ABSTRACT Background : Tuberculosis (TB) is still major worldwide concern especially at tropical country. Tuberculosis also can infect any place in the body. It is estimated that between 10-25% of TB infections occur extra pulmonary. Abdominal Tuberculosis occurs about 10 % of extra pulmonary tuberculosis. Abdominal Tuberculosis can be easily confused with malignancy. Pseudo Meigs syndrome is co existence of pelvic tumour, hydrothorax, and ascites. It is resembles with metastatic ovarian cancer. Abdominal tuberculosis may resemble with advanced ovarian cancer. Case Report: A married woman, 21 years old, with chief complaint enlargement stomach since 2 weeks before come to the hospital. Patient also had poor intake, low-grade fever, pelvic pain. Cough , weight loss, defecation disturbance, urinated disturbance, enlargement another area were denied. Family history, her father was diagnosed tuberculosis on treatment. Ascites was presented. Thorax X ray found right effusion plural . Complete blood count, albumin, electrolyte serum, renal function test, liver function test were at normal limit. Hepatitis Viral marker were negative. Peritoneal Fluid Analysis found elevated LDH (905 U/L), elevated PMN count 1050/ uL, MN count 3829/ uL, Glucose 68 mg/dL, Protein 7.2 g/dL, SAAG 0.8 mg/dl. ADA test from effusion pleural 4,44 U/L ( within normal limit). A significantly elevated CA-125 level ( 542.5 U/mL). Contrast MSCT abdominal found cyctic lesion with septal and multiple peritumoral lymph node suspected malignant ovarian mass. Laparotomy was done and found serous ascites, multiple nodules attached to the surface of bilateral uterus ½ centimeters and attached to bilateral ovary, and dense adhesions between uterus and rectum. Multiple biopsies were done. Finally, histopathology investigation revealed multinucleated giant cell ( Datia Langhans) with necrotizing granulomatous changes with no malignant cells in all biopsies. Acid fast stain tuberculosis was positive at paraffin block pathology. The patient got anti tuberculosis drugs. After 2 months treatment, patient feel better and there was no complaint enlargement stomach. Until now the patient is on treatment. Discussion The patient presented ascites, pleural effusion, cystic ovarian suggestive of Pseudo-Meigs syndrome. Pseudo Meigs Syndrome is clinically important because resembling of metastatic pelvic cancer. CA-125 is elevated 80% of post menopausal ovarian cancer but not specific and non diagnostic in premenopausal women. SAAG < 1.1 mg / dl indicates non Portal hypertension, caused by infection, malignancy, nephrotic syndrome, or pancreatitis. Finding Datia Langhans at histopathology could be considered as tuberculosis but it can be revealed from another disease. Acid fast stain positive increase the probability of tuberculosis infection. Family history of tuberculosis infection could increase diagnostics value of tuberculosis. Antituberculosis according to the latest protocol led to clinical improvement. Conclusion: Extra Pulmonary Tuberculosis (TB) should be being considered in the differential diagnosis of advanced ovarian cancer, especially in the regions that are endemic for the disease. Keywords : ovarian tuberculosis , peritoneal tuberculosis, tuberculosis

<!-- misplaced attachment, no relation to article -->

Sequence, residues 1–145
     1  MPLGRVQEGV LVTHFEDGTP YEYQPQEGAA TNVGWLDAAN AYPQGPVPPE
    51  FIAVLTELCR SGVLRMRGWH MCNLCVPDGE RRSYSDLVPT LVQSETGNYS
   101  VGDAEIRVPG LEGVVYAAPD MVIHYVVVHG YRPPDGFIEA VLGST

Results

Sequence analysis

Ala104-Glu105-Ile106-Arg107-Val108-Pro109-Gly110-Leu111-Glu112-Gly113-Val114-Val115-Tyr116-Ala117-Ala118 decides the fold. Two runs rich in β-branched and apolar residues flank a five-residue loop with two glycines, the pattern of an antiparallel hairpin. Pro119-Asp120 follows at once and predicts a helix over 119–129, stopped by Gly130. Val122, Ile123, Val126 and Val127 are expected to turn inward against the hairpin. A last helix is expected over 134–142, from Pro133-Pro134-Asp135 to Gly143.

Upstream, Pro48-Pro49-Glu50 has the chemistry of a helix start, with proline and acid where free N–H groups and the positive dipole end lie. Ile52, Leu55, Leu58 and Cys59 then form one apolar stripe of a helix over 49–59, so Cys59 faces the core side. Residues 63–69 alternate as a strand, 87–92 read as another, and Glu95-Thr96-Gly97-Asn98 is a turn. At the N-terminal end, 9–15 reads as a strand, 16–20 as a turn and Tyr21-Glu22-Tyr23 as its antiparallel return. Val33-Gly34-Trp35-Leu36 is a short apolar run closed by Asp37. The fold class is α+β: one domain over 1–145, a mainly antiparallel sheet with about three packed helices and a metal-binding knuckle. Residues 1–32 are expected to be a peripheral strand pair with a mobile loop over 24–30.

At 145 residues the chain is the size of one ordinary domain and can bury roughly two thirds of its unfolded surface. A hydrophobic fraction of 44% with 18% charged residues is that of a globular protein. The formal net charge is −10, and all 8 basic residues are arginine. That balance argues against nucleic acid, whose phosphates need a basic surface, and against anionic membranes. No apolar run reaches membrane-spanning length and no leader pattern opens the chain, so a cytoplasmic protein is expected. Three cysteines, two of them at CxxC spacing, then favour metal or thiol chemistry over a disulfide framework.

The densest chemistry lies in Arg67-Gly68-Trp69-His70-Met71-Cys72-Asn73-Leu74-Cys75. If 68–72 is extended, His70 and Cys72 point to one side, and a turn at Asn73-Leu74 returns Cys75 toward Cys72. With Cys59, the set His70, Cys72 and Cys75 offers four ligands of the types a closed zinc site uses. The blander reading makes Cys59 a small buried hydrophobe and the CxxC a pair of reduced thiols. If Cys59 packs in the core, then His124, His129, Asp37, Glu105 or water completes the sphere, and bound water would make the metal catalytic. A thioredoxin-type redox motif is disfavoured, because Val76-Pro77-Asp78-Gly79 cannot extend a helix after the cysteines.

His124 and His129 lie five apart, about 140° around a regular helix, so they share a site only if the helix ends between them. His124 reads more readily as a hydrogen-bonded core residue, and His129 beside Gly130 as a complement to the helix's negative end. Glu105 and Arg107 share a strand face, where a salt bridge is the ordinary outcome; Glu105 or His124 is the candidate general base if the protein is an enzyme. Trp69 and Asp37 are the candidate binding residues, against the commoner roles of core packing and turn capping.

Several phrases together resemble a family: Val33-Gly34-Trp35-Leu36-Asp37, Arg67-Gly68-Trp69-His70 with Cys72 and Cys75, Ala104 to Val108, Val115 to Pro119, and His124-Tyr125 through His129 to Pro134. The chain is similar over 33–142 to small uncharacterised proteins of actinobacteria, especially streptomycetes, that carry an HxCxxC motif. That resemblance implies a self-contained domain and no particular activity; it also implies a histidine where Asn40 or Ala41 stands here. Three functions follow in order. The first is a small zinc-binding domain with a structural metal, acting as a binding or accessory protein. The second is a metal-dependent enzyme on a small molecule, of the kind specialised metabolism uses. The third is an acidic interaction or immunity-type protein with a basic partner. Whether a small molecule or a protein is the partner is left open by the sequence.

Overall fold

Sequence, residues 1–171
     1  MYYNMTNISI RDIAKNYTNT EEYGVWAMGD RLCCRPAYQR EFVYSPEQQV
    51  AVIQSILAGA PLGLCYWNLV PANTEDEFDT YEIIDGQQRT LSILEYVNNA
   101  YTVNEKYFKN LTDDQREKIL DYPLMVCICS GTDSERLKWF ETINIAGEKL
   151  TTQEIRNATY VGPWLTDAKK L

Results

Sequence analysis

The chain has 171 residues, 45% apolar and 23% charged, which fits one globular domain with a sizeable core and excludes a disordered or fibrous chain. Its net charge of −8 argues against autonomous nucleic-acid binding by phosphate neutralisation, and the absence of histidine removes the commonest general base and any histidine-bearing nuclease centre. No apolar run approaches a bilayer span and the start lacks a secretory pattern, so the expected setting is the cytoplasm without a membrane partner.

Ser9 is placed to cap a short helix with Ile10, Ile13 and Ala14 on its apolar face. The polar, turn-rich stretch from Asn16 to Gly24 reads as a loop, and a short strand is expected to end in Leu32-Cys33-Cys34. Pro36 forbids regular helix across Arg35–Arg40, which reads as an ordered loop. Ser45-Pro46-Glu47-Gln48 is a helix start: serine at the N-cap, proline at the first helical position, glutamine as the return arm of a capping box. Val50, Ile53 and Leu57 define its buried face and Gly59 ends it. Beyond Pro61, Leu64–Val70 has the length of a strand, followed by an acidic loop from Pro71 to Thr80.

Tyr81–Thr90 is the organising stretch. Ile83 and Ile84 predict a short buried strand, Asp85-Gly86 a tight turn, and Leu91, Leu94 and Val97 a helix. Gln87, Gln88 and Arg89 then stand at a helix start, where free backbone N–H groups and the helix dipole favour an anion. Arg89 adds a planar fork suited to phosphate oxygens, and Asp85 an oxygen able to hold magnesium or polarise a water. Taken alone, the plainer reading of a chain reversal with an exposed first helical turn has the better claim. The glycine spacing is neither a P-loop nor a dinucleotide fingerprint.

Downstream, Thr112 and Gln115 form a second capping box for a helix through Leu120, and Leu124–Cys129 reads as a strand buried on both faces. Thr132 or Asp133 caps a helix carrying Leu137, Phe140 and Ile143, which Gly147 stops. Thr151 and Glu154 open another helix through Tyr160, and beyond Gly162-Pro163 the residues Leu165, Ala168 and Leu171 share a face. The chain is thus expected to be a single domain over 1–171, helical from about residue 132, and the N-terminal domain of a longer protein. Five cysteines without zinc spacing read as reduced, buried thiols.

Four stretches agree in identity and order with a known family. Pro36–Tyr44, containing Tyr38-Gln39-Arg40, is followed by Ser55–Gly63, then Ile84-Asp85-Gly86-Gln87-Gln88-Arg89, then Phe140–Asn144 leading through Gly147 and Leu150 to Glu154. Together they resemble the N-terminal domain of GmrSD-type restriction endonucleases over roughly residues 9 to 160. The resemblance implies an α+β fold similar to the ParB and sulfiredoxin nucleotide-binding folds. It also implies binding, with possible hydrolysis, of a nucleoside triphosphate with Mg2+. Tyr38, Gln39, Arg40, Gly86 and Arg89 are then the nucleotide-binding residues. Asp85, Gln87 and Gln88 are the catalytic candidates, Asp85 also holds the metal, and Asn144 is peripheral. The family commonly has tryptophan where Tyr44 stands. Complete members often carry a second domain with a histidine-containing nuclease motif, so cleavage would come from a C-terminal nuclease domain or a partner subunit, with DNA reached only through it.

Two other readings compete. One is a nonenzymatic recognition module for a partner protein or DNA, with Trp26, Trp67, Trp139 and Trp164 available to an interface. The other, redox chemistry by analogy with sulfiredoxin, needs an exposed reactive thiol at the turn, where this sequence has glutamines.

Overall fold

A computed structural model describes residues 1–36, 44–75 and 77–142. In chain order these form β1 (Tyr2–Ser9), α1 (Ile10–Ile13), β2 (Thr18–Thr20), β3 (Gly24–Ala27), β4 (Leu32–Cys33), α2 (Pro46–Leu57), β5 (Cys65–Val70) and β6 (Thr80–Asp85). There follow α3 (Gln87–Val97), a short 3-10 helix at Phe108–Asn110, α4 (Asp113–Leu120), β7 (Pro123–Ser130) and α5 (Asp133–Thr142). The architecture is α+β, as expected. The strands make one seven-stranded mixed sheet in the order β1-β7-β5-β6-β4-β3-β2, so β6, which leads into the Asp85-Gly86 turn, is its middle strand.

My name is Mona Ebadian and I am currently the dermatology Registrar working in Northampton General Hospital. I have graduated from UCL in 2009 and completed my core medical training in 2015. I am now working as a dermatology registrar and me and my colleagues would like to share our interesting dermatological case which dramatically improved during pregnancy.
We present a case of a 40-year-old female with four years history of widespread rash which had disappeared during her pregnancy and breast feeding period. It reoccurred after breastfeeding was stopped. Her past medical history included IVF, during this time her skin changes remained unchanged. Physical examination showed widespread flat-topped papules 1-2mm in diameter, more prominent on the extensor surfaces of the forearms and trunk. Laboratory tests showed normal FBC, liver and renal function. LDH was within normal level. Autoimmune screen ANA, DsDNA and ENA were negative. Incisional biopsies showed superficial dermal lymphocytic infiltrate and foreign body type granulomas abutting the basal layer of the epidermis. There were no features of eczema, cutaneous T cell lymphoma or keratosis pilaris. The histology was consistent with lichen nitidus. Lichen nitidus is a rare inflammatory skin eruption of unknown cause, which usually affects the upper extremities. The generalised form is even more uncommon. Often no treatment is required and the condition can be self-limiting. To our knowledge there is no previous report of exact cause of Lichen nitidus. There is previous reports that during pregnancy, many women experience remission of autoimmune diseases like multiple sclerosis and uveitis. The pathophysiology is still not well understood, although we know that during pregnancy part of the immune system is downgraded in favour of the growing fetus. As this patients’ skin had completely cleared during pregnancy and breast feeding, we suggest that possibly there may be similar pathophysiology of autoimmune origin involved in Lichen nitidus.